Some of the best golf swing advice that I’ve ever heard came from two former Stanford golfers (not named Tiger Woods). The first nugget came from a four time All-American named Joel Kribel. His other amateur accomplishments are too numerous to list. Kribel said that “whatever you’re working on, over exaggerate it.”
How often does a swing change feel weird? How often do you look at a video of yourself feeling as though you’ve made drastic changes only to see that it is fractionally different? As I was describing this phenomenon to one of my students (a physical therapist), she told me that the word I was looking for was “proprioception,” which is the sense of your body parts’ position. In my experience, changes are very difficult to make if you let your feelings slow you down. You must over exaggerate the changes.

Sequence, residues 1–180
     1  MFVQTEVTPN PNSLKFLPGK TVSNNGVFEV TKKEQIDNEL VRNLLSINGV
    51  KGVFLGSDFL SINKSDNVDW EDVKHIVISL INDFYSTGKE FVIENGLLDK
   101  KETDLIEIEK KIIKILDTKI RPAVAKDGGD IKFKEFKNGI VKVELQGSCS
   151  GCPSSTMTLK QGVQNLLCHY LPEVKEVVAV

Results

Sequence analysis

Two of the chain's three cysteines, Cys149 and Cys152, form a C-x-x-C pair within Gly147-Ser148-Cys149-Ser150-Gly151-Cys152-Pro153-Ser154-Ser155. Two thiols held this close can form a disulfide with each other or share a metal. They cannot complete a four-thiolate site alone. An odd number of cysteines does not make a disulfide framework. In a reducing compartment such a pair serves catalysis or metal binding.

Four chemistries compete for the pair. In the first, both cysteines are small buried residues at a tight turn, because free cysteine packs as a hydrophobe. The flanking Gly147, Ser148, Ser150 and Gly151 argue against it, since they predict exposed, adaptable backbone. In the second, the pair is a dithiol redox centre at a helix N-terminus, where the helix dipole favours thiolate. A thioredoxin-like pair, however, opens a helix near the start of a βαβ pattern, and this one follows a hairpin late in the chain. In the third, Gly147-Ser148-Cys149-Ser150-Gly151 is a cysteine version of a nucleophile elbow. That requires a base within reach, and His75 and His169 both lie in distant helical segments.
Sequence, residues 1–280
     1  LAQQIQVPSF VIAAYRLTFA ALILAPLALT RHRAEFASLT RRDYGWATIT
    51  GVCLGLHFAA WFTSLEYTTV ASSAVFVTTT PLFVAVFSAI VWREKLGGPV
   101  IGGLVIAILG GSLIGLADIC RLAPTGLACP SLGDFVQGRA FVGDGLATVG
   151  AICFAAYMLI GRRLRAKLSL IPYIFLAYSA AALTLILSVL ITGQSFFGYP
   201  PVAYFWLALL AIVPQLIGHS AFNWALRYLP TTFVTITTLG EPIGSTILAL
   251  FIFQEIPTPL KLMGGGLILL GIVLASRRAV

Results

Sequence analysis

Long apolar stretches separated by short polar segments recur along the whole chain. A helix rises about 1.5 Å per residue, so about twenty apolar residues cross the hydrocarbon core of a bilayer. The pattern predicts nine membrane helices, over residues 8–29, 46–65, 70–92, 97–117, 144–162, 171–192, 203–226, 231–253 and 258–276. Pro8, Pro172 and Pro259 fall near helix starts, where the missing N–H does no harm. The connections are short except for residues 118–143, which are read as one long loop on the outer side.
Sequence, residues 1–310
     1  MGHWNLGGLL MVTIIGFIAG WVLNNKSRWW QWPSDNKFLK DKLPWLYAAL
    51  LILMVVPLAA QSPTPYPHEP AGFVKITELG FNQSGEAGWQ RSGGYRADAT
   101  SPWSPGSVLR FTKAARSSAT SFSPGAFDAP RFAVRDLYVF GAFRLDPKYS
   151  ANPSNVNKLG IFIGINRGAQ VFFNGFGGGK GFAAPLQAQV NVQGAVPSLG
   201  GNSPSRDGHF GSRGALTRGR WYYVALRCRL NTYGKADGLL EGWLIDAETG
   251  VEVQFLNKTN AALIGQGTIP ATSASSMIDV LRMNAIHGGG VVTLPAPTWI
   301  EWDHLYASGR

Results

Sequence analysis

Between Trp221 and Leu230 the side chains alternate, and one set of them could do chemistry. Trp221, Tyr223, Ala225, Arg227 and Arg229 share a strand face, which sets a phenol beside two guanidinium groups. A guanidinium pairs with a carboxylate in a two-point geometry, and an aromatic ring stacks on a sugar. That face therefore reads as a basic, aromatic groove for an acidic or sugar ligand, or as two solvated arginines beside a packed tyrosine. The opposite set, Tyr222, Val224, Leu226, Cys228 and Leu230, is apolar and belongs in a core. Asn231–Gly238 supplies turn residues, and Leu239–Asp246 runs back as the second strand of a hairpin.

The second bit of advice that I really love came from Casey Martin. Martin was on the 1994 NCAA Championship team at Stanford and also coached a National Championship team at the University of Oregon in 2016.
Martin suggested that instead of trying to make changes in your mechanics that will hopefully produce a desired ball flight; make changes to your ball flight that will elicit changes in your technique. In other words, if you’re hooking the ball, try to slice it. You might just hit it straight.
Drills are what I take away from both of these bits of advice. Drills should be the complete opposite of the problem and the exaggeration of the solution. For just about every swing fault, there are are plenty of drills that can bring about changes, quickly. A side benefit of doing drills is that the expectation of hitting a good shot goes away. When good shots happen, it’s a pleasant surprise. If a bad shot happens, you were doing a drill that was the opposite of what you were doing wrong. It wasn’t supposed to be easy.
A lesson in feel. When a young Billy Harmon complained to his father that his grip change didn’t “feel right,” Claude Harmon Sr. reminded his son that the golf club and the golf ball were inanimate objects, neither giving a damn how he felt.
Again, don’t let your feel slow you down. Your feelings will change. When you take a lesson, leave with a few drills to practice.